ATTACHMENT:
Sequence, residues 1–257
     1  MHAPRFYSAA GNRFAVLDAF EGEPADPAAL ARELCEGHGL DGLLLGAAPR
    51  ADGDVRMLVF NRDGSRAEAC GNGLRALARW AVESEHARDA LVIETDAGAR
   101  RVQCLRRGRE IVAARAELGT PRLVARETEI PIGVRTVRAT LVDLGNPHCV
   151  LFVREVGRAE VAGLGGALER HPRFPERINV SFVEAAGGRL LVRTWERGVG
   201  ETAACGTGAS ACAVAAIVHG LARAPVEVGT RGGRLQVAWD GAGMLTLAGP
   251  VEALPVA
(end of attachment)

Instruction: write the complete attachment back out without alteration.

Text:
Sequence, residues 1–257
     1  MHAPRFYSAA GNRFAVLDAF EGEPADPAAL ARELCEGHGL DGLLLGAAPR
    51  ADGDVRMLVF NRDGSRAEAC GNGLRALARW AVESEHARDA LVIETDAGAR
   101  RVQCLRRGRE IVAARAELGT PRLVARETEI PIGVRTVRAT LVDLGNPHCV
   151  LFVREVGRAE VAGLGGALER HPRFPERINV SFVEAAGGRL LVRTWERGVG
   201  ETAACGTGAS ACAVAAIVHG LARAPVEVGT RGGRLQVAWD GAGMLTLAGP
   251  VEALPVA